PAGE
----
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Five things you should know about Transient Ischemic Attacks (TIA)

TIA is also called a mini-stroke. It is a sign of a future stroke. It occurs when a blockage in a blood vessel stops the flow of blood to the part of the brain. A TIA doesn’t leave any permanent brain damage or cause lasting neurologic problems. However, it does involve many of the same signs and symptoms as a stroke.

The symptoms include sudden weakness or numbness on one side of the body, slurred speech, trouble seeing or talking, and confusion. There can be one symptom or a combination of symptoms.

Though TIA doesn’t cause permanent brain damage, it is a critical warning sign. If you feel the symptoms of TIA in yourself or the person you care for, it is better not to wait and seek medical help immediately. It is dangerous to wait as, in both cases, rapid medical attention is needed. Sometimes symptoms may appear harmless, but they may worsen if not treated in time. The BOTTOM LINE is if you suspect that you or someone you know is having a stroke or TIA, go to the hospital immediately or call 911 (Canada), even if the symptoms are minor. It is to be noted that a person who had TIA may have a 10-20% risk of having a full stroke. With proper care, the risk can reduce significantly.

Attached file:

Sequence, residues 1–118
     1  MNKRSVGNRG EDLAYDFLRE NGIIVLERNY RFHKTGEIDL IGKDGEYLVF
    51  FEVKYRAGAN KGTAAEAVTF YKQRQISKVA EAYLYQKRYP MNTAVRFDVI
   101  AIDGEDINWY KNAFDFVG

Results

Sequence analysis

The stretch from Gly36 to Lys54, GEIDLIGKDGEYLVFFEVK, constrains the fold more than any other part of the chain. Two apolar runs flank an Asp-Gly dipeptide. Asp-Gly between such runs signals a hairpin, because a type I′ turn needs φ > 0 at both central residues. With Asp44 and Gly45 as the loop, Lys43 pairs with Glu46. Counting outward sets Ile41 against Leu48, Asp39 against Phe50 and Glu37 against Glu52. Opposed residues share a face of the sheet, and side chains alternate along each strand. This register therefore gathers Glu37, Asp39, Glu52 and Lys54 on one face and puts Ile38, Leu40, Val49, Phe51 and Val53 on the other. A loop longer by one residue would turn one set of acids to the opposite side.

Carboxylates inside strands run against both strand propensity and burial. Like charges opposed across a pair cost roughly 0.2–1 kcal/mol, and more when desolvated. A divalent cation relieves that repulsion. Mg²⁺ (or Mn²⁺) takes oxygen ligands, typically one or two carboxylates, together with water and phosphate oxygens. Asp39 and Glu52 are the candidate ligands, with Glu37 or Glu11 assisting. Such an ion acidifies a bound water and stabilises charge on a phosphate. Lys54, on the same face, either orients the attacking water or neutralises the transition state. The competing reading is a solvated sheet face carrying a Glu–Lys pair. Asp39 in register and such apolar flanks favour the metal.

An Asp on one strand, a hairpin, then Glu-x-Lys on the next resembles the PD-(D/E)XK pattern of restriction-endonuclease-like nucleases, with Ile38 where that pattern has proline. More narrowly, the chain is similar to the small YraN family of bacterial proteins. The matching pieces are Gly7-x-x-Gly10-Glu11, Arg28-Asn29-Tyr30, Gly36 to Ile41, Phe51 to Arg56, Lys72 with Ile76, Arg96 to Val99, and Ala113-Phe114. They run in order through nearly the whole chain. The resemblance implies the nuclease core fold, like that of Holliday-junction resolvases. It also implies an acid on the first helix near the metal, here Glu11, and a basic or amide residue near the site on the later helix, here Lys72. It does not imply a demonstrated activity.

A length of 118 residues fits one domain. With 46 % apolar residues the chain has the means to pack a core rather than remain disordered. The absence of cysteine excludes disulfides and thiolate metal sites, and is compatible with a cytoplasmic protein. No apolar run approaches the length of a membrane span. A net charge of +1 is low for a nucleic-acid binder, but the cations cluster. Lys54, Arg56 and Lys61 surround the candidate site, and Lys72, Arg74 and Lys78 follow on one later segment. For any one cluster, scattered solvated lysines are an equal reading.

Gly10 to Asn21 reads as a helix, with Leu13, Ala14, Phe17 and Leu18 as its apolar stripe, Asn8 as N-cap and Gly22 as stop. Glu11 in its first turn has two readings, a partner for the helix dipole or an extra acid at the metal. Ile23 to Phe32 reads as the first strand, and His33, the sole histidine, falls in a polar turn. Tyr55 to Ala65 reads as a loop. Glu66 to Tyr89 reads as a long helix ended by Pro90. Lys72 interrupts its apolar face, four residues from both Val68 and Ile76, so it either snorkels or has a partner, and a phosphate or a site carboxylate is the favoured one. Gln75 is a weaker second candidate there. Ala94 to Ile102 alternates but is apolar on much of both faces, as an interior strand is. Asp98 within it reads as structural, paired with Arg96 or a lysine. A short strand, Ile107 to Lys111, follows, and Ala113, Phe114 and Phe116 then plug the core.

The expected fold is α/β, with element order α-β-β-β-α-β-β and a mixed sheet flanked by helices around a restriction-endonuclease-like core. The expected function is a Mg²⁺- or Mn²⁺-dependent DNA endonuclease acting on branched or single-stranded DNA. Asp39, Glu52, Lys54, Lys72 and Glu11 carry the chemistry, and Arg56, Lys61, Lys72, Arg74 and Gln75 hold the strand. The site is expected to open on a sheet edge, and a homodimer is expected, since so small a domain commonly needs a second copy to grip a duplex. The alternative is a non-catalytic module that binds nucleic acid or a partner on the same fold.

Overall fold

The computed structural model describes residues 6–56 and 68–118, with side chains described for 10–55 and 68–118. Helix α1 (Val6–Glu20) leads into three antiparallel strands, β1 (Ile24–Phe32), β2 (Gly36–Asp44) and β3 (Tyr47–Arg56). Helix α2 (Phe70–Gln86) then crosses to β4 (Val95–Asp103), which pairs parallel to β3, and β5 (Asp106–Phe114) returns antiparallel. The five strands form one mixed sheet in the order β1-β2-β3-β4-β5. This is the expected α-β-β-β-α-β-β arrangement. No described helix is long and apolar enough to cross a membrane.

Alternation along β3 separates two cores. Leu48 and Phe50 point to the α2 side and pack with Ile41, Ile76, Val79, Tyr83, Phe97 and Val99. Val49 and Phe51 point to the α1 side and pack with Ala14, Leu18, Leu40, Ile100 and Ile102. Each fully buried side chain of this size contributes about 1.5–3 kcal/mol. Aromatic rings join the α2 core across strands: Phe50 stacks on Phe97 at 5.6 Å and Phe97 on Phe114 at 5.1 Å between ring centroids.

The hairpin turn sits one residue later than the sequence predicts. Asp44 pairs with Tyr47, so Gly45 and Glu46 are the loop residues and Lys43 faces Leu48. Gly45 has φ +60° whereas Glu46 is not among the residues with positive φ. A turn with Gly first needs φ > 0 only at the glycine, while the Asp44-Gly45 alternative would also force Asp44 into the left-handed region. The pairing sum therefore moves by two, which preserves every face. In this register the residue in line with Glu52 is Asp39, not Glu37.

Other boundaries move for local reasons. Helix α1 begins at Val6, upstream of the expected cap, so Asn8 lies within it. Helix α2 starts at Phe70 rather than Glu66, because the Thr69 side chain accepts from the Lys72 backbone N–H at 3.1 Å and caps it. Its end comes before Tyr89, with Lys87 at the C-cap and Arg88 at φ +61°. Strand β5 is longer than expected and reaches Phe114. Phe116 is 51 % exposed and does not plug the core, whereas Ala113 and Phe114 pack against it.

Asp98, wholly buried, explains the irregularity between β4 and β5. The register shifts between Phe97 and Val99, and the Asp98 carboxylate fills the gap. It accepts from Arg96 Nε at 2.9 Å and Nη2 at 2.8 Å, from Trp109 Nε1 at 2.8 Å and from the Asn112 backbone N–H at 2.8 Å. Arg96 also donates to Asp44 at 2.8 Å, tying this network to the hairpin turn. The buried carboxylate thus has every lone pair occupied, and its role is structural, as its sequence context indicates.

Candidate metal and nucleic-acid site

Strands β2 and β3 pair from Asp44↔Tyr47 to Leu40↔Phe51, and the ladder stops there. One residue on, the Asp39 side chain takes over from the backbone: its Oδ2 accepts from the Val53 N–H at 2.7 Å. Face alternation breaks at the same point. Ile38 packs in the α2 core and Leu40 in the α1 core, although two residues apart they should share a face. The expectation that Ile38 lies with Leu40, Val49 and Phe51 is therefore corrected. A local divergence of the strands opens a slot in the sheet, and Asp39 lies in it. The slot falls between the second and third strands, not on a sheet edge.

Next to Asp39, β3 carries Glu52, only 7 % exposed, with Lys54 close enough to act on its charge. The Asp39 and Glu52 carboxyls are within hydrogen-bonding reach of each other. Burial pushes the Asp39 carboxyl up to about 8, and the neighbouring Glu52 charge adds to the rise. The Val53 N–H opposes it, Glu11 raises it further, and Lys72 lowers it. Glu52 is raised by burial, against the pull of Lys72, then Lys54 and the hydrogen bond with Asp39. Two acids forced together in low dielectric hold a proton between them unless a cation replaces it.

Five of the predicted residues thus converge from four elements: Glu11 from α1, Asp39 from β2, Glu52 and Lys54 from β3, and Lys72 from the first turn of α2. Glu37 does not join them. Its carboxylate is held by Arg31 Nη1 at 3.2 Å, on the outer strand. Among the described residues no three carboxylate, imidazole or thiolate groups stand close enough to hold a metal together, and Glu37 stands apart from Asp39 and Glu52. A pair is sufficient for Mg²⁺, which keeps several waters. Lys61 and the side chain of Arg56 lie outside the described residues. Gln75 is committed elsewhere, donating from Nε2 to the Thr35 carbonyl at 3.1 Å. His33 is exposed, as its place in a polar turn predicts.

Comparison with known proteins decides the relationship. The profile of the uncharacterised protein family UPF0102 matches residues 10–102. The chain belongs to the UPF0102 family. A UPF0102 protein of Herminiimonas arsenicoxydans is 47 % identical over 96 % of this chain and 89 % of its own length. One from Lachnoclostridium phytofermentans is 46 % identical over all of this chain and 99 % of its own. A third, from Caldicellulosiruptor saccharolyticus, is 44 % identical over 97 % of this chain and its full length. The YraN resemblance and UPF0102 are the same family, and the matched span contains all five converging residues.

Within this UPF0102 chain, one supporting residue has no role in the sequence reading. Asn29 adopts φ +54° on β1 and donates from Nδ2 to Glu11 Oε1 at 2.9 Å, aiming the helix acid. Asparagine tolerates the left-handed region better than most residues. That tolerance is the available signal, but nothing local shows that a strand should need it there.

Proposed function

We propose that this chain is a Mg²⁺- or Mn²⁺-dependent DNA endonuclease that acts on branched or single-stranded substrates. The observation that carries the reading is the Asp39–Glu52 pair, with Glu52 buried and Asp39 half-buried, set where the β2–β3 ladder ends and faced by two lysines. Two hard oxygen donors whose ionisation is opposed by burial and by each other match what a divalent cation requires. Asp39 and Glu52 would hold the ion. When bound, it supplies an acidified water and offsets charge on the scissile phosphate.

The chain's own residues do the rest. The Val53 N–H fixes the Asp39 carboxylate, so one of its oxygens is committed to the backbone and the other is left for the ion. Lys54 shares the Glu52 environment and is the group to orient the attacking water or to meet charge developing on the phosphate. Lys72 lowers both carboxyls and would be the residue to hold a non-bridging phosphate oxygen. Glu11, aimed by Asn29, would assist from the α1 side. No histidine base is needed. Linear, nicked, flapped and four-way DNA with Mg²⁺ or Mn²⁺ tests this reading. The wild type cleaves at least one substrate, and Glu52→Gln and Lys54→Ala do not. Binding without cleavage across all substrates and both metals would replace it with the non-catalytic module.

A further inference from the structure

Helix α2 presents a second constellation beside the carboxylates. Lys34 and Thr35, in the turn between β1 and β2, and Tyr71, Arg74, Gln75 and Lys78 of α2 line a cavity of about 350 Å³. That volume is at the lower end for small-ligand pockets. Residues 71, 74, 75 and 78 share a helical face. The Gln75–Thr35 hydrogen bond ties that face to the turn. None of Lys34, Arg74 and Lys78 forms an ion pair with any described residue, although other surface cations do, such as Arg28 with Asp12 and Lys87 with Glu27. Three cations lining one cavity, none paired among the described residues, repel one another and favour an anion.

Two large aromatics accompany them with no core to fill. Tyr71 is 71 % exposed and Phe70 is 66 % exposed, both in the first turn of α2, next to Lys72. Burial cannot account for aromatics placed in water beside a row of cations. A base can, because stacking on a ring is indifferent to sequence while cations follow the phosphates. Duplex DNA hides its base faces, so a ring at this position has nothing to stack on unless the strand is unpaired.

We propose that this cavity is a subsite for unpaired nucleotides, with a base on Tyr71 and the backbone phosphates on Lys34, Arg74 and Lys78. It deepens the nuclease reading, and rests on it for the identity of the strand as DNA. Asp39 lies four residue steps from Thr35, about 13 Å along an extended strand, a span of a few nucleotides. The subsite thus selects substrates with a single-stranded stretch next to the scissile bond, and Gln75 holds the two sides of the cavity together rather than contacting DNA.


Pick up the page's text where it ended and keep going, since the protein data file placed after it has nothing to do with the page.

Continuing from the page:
Treatment includes:

Change in Lifestyle

Medication

Surgery

Eat a healthy balanced diet, reduce your consumption of fat and salt, including fibre, and increase your intake of fresh fruits and vegetables. Exercise regularly, do not do vigorous exercise, maintain a regular schedule, and keep increasing time slowly. Stop smoking and cut down on alcohol intake. Do not miss medicine.

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